Tech trial aimed at boosting power line resilience

Wednesday, April 17, 2024

Powerco is trialling new technology at 10 sites across its electricity network to work out how aeolian vibration affects its power lines.

Over time, vibrations from certain types of wind can damage power lines – ultimately causing the conductor to fail at the bonding point and fall to the ground. Not only does it cut power to customers, it’s also a serious public safety risk as the lines could still be live after they have fallen, Powerco General Manager Electricity Karen Frew says.

It’s hidden damage, with the conductor deterioriating from the inside out. By the time it causes failure of the line, it’s too late – the line is on the ground.

Powerco is using new solar-powered technology called Sentrisense, provided by Identimark, for the trial. The device is attached to the power line and measures vibrations. A weather station is attached to the nearest power pole to the device to capture localised weather data.

“In the distribution industry, we’re working to understand the engineering around how aeolian vibrations affect our networks. It’s exciting research. As far as we are aware, no other electricity distributors in New Zealand or Australia are doing this,” she says.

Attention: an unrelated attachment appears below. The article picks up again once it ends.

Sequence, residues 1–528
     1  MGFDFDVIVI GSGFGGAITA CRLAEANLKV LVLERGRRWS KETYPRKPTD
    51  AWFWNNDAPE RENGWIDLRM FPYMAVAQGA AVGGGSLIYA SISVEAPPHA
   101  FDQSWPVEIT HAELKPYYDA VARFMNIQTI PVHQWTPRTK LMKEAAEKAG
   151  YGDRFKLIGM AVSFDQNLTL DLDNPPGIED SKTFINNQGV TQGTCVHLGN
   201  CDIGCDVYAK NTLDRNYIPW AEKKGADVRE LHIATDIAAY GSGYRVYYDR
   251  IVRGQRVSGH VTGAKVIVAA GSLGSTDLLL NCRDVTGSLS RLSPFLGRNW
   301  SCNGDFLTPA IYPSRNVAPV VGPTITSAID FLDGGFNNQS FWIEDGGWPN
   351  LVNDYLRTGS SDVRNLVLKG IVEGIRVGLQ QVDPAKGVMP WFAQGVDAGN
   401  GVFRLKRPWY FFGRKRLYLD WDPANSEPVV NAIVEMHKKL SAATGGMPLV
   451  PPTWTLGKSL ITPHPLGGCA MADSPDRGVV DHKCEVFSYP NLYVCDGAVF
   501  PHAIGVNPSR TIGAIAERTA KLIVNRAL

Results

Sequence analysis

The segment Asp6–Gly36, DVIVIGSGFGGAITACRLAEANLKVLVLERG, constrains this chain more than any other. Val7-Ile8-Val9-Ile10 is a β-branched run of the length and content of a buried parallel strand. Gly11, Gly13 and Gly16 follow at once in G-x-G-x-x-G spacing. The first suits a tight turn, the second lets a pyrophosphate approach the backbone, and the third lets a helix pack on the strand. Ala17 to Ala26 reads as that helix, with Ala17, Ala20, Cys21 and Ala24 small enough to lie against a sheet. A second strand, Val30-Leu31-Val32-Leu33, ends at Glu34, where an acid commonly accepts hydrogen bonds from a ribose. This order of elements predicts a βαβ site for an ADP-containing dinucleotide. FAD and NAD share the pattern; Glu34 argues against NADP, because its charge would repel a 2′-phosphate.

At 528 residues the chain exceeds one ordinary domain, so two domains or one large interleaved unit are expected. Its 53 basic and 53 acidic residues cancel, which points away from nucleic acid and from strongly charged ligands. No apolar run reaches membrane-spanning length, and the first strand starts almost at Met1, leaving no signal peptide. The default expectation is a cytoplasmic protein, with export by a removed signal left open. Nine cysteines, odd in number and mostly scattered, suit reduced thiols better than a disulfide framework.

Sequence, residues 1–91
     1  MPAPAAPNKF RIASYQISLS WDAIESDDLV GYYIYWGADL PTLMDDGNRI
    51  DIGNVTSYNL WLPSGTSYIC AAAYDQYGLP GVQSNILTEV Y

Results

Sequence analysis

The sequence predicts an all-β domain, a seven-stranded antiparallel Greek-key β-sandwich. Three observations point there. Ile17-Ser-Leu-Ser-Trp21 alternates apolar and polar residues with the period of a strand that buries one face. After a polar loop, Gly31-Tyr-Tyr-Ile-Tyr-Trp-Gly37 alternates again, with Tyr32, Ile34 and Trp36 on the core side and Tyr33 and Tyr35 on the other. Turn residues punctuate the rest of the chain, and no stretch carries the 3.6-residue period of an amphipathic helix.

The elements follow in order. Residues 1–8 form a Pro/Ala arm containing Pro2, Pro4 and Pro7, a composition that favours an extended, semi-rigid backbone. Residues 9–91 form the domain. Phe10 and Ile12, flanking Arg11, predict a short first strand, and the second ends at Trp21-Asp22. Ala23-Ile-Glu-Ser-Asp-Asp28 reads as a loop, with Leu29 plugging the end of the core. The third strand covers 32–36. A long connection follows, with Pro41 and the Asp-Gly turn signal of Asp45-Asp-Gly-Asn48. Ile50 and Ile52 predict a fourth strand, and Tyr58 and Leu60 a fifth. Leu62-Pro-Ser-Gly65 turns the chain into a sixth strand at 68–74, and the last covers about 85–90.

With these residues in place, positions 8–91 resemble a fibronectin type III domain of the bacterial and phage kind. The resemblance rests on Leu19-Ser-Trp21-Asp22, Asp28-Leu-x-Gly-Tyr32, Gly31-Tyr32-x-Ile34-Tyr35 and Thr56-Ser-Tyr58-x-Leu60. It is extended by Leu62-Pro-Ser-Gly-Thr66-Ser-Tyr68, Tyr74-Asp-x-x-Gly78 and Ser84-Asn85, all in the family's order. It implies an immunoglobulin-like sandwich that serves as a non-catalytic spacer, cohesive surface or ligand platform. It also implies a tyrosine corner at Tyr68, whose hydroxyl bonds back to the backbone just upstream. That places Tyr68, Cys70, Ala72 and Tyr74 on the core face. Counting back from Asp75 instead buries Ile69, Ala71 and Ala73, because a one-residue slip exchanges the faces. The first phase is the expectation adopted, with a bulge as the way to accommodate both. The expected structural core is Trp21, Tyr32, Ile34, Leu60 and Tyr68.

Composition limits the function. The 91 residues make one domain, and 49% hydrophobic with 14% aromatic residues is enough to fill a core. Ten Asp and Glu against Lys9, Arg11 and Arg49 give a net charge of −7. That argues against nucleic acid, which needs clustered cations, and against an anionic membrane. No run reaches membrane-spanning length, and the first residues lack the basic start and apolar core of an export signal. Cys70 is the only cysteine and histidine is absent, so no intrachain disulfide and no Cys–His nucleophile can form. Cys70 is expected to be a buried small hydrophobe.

The occurrence known as aeolian vibration is produced when a low-velocity wind flows over power line conductor at a 90-degree angle. The energy from the wind flow is transferred into the conductor which starts to vibrate.

“It normally happens on a cold, frosty morning. The slow winds come over the lines, which starts the vibration. This makes the conductors contract and get really tight,” she says.

Modelling of its electricity network enabled Powerco engineers to narrow down the trial to 10 sites – three in Taranaki, two each on the Coromandel Peninsula, Manawatū-Whanganui and Waikato, and one in Wairarapa.

“What we want to do is see if aeolian vibration is happening on our network and where it’s happening, so we can start putting vibration dampers on affected sections of lines to counteract it – before the line falls,” she says.

With around 28,000km of power lines across Powerco’s electricity footprint, it would be inefficient and cost prohibitive to put damper devices on all its power lines.

The trial will run for 12 months.


Below: A power line fitted with a Sentrisense device. A weather station mounted to the pole.

Power pole and lines with a small rectangular device hanging on one of the lines.


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